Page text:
Chhattisgarh: Shrinking Democracy
Journalists, lawyers and adivasis have been violently hounded in Chhattisgarh in what is being termed as a reign of terror in the heart of India
Chandrani Banerjee Delhi
In the past six months, Chhattisgarh has witnessed a spiral of attacks on journalists, human rights activists and lawyers. The reason: they were all raising their voices against largescale human rights violations and incidents of mass rape of tribal women in the interior. In an effort to silence them, arbitrary arrests have been made, deadly threats have been issued and organised hindrance been created to block their working in the region, especially among the poor. It is alleged that the government is trying to block information and media reports about repeated violence by its agencies by terrorising journalists and lawyers.
Vigilante groups like the Samajik Ekta Manch and Mahila Ekta Manch, backed by the BJP regime and the police top brass, have added to the state of terror, with mobs often calling the shots. Under severe criticism, Chief Minister Raman Singh has dissolved the vigilante groups and ordered a probe. However, locals allege, no substantial change has occurred on the ground.
Meanwhile, the National Commission for Scheduled Tribes (NCST) sent a fact-finding team to investigate the alleged charges. The Commission has reportedly acknowledged that mass rape and atrocities have been committed by the security forces; it has recommended strict action. The exclusive report on atrocities on tribals in Bastar and Sukma districts, accessed by Hardnews, confirms the activists’ version.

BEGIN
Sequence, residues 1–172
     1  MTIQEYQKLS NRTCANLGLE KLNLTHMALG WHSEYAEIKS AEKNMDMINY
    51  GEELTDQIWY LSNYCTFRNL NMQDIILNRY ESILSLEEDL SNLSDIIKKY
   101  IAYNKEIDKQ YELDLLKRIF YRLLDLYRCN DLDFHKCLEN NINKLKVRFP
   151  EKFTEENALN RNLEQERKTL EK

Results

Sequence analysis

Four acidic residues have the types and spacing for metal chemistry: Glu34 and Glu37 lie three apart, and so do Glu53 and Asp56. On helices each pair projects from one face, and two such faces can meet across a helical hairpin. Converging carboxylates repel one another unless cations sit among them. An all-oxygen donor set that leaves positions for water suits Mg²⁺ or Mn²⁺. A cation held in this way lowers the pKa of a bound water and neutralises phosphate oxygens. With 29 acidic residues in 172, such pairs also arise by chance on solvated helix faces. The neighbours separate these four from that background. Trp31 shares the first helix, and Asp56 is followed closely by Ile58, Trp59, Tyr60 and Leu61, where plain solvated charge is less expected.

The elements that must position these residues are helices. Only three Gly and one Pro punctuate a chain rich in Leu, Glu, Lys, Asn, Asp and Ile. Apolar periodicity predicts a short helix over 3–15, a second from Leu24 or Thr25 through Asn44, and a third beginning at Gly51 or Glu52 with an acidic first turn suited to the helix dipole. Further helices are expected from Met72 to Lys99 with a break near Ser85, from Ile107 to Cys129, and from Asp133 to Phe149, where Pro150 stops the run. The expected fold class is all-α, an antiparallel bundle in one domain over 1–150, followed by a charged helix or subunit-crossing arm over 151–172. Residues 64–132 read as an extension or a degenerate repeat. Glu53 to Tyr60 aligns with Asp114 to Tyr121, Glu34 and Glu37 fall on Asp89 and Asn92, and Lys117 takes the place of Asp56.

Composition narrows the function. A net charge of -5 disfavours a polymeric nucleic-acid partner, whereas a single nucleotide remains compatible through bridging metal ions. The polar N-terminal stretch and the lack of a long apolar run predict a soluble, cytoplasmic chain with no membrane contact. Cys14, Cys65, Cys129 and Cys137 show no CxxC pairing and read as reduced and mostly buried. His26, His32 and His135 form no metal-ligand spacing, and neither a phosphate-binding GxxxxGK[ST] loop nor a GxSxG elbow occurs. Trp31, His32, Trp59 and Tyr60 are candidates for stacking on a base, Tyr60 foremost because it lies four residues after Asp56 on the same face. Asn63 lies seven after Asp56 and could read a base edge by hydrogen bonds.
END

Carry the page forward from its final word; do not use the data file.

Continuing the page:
Speaking to Hardnews, Dr Rameshwar Oraon, Chairperson of the Commission, who headed the investigation, said, “I am a former police officer and I fully understand if the statements are true or concocted. I have met the tribal women who have suffered all these painful acts; they were all speaking nothing but the truth.” The Commission will submit its report to the Union home ministry in early May. The report will also go to Raman Singh, the state’s home secretary and its chief secretary.
There has been a pattern in the repression unleashed in this conflict zone with counter-violence by Maoists also routinely reported from the area, including attacks on security forces. However, it is apparent that the government has decided to clamp down on opinion-makers and locals in a bid to unleash a ‘state of emergency and fear’ in the region. In the process, locals are facing its wrath, often despite no evidence to prove the charges hurled at them. Besides, violence against tribals is mostly unreported.
In July 2015, an adivasi journalist, Somaru Nag, who has been writing on rural issues, was arrested on the charge of being a ‘Maoist sympathiser’. On September 25, 2015, Santosh Yadav, another journalist, who writes for Navbharat Times and Dainik Chhattisgarh, was arrested for allegedly associating with a ‘terrorist’ organisation. On November 1, 2015, adivasi women from Pedagelur village in Bijapur filed an FIR alleging rape and sexual assault by security forces between October 19 and 14. The women’s bid for justice was assisted by local activists, including eminent researcher and human rights activist Bela Bhatia. Consequently, Bela Bhatia was viciously targetted.